Feeds

Super-duper conductivity is coming

But don't hold your breath for cooler faster machines

  • alert
  • submit to reddit

Intelligent flash storage arrays

Research published in this week's Nature suggests that affordable superconducting wires are closer to reality than ever.

The new material could lead to far more efficient engines, transformers and power transmission lines, according to those in the know. This is as well as bringing magnetic train rails from the realms of the totally impossible to the slightly more realistic.

Scientists at the University of Augsburg in Germany have found a way to boost the current carrying capacity of a super conducting material by between three and six times. At present the only sample of the material is a half-inch square wafer, but the boffins are working hard on ways to make sections long enough for power cables.

The conductivity of a wire is at least in part heat-dependent. Normal copper wire loses about 15 per cent of its voltage because of the resistance, getting hot in the process.

Super conductors also have their limits. As well as being expensive to make, the amount of electricity they can carry is further limited by the gaps between the crystal of the metal.

What these guys have done is found a way to alter an already decent superconductor to bridge the gaps, massively boosting its performance. The boffins used yttrium barium copper oxide, which superconducts when cooled with liquid nitrogen.

This is all very well, but the real holy grail is of course room temperature super conductors. It is all very well getting it going fast, but if you need to keep pumping liquid nitrogen all over the place, the it will still cost money. The stuff is cheap, true, but not that cheap.

The researchers say that any real technological pay off from the discovery is at least five years off, and while the implications for computing are not entirely clear to us we are sure that there are some. Anyone who knows better, as always, should feel free to keep us all informed.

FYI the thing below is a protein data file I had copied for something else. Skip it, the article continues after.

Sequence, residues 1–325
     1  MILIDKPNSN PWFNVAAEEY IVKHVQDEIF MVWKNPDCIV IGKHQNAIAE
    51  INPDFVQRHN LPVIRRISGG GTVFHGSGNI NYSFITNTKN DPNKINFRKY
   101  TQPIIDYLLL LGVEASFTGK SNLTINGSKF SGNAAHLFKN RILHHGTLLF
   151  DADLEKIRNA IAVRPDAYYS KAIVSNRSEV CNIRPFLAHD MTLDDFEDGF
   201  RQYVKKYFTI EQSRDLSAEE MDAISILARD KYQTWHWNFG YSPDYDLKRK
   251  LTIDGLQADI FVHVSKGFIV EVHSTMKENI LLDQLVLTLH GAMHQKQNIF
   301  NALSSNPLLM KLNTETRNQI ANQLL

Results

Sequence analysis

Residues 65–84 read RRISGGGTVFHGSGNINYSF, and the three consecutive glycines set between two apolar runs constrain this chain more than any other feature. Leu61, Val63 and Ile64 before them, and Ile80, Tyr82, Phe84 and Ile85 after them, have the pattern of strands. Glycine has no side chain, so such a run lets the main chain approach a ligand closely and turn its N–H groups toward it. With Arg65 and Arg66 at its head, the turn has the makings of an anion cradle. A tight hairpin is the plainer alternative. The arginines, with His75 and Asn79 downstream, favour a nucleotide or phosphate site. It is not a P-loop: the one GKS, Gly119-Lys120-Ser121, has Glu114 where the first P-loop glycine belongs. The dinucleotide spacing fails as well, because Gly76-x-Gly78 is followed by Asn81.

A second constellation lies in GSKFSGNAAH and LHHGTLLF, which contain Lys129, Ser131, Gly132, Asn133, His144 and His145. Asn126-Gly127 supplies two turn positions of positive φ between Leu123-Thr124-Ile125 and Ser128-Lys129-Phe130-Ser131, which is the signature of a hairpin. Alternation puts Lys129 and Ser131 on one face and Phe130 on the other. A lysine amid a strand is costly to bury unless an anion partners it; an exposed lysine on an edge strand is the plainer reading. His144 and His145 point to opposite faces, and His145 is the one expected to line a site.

We reckon that given a couple of litres of liquid nitrogen, we could have some fun whether or not the conductivity was super. Frozen banana anyone? ®

Top 5 reasons to deploy VMware with Tegile

More from The Register

next story
WHY did Sunday Mirror stoop to slurping selfies for smut sting?
Tabloid splashes, MP resigns - but there's a BIG copyright issue here
Spies, avert eyes! Tim Berners-Lee demands a UK digital bill of rights
Lobbies tetchy MPs 'to end indiscriminate online surveillance'
How the FLAC do I tell MP3s from lossless audio?
Can you hear the difference? Can anyone?
Inequality increasing? BOLLOCKS! You heard me: 'Screw the 1%'
There's morality and then there's economics ...
Google hits back at 'Dear Rupert' over search dominance claims
Choc Factory sniffs: 'We're not pirate-lovers - also, you publish The Sun'
EU to accuse Ireland of giving Apple an overly peachy tax deal – report
Probe expected to say single-digit rate was unlawful
While you queued for an iPhone 6, Apple's Cook sold shares worth $35m
Right before the stock took a 3.8% dive amid bent and broken mobe drama
prev story

Whitepapers

A strategic approach to identity relationship management
ForgeRock commissioned Forrester to evaluate companies’ IAM practices and requirements when it comes to customer-facing scenarios versus employee-facing ones.
Storage capacity and performance optimization at Mizuno USA
Mizuno USA turn to Tegile storage technology to solve both their SAN and backup issues.
High Performance for All
While HPC is not new, it has traditionally been seen as a specialist area – is it now geared up to meet more mainstream requirements?
Beginner's guide to SSL certificates
De-mystify the technology involved and give you the information you need to make the best decision when considering your online security options.
Security for virtualized datacentres
Legacy security solutions are inefficient due to the architectural differences between physical and virtual environments.